Click on “Next” to open the next window, which contains “Detailed Scan Configuration” but, before that you will be prompted with a pop-up, “Would you like to launch the Web Service Test Designer Now?”, as shown in Figure 20.
Figure 20: Web Service Test Design Prompt
Click on “Yes” to open a new “Web Services Test Designer” window. This window contains all the methods in the provided WSDL file in the top left corner. If you want to add other methods or want to remove any methods, just check or uncheck that method, as shown in Figure 21.
Figure 21: Web Service Test Designer Window
I mentioned earlier that WebInspect is a popular black box web services testing tool and here is the reason: It not only imports all the methods from the WSDL but also fills in the values of required data types in the parameter. So, as a pen tester, you just need to provide a valid WSDL to WebInspect and it will do the rest of the things for you, unlike the other tools, where you need to manually insert data in each method. There is one limitation: Sometimes WebInspect is unable to fill in the proper data type in a required parameter and is unable to detect that method. In our case, WebInspect is unable to detect the IsValidUser method, so a red cross is displayed at the right side of that method.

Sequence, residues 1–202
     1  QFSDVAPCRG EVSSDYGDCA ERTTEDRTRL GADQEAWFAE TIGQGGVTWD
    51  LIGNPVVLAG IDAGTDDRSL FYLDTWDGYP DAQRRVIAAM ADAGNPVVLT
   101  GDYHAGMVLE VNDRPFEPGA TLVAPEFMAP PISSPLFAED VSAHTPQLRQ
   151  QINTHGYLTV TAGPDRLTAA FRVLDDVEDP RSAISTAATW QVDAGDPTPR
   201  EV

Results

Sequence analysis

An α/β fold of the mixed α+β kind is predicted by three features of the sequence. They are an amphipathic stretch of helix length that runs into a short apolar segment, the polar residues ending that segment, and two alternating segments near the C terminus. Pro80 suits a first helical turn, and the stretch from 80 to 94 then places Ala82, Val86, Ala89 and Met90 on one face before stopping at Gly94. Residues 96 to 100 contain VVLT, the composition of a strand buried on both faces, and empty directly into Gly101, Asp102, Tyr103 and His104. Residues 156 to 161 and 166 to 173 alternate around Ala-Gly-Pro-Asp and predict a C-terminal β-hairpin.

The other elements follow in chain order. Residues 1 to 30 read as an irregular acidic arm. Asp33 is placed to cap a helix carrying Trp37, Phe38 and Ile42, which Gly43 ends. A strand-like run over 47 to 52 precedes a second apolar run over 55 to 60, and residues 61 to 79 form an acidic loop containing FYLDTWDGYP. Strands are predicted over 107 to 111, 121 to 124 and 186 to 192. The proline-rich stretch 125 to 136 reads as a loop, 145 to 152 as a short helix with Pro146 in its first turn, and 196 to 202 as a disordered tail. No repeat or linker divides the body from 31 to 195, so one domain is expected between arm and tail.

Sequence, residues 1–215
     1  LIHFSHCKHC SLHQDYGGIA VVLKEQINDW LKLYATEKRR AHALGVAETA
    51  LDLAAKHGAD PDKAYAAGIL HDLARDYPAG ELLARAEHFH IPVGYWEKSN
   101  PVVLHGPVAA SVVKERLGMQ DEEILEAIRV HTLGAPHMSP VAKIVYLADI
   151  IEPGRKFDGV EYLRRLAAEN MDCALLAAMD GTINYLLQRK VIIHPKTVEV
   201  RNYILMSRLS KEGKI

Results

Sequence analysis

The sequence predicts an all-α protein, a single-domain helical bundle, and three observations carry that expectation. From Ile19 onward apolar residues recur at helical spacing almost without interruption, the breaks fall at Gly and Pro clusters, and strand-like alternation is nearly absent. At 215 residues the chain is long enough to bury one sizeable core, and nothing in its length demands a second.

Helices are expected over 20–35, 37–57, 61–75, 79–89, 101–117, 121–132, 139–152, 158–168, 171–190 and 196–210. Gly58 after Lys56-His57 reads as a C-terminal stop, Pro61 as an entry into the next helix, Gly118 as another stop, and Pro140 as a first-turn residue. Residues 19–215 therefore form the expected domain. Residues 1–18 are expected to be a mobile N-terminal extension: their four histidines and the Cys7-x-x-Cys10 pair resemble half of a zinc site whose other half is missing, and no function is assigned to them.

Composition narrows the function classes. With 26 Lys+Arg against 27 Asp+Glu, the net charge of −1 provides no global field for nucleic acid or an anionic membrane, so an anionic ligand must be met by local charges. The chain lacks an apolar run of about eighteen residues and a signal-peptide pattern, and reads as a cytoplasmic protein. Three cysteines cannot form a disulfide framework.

Now close the “Web Services Test Designer” window. It will prompt you to save the designer file. Click on “Yes” and save it by providing a name for your test designer file in your computer. I saved it as test4. And you will get the name auto set in the names field in Detailed Scan Configuration window as shown in Figure 22.
Figure 22: Detailed Scan Configuration Window
You can see other settings in the same window. If you want any customized settings, you can enable them but, in this case, I am proceeding with the default settings. Click on “Next” to complete the wizard, as shown in Figure 23.
Figure 23: Web Services Scan Wizard Final Window
You will get a congratulation message there. Now click on “Scan” to start the scan. WebInspect will scan the web service and provide you with the vulnerability report, as shown in Figure 24.
Figure 24: WebInspect Result
Here the results of the web service scan are displayed. Now you can use WebInspect to test any web service, especially black box, to discover the existing vulnerabilities and you need to verify it manually to avoid false-positives.
Any automated tool will help you to get good results from a penetration testing and will reduce your time and effort, but it’s always better to use them just for coverage and focus more on manual testing, because automated tools can provide false positives and false negatives as well.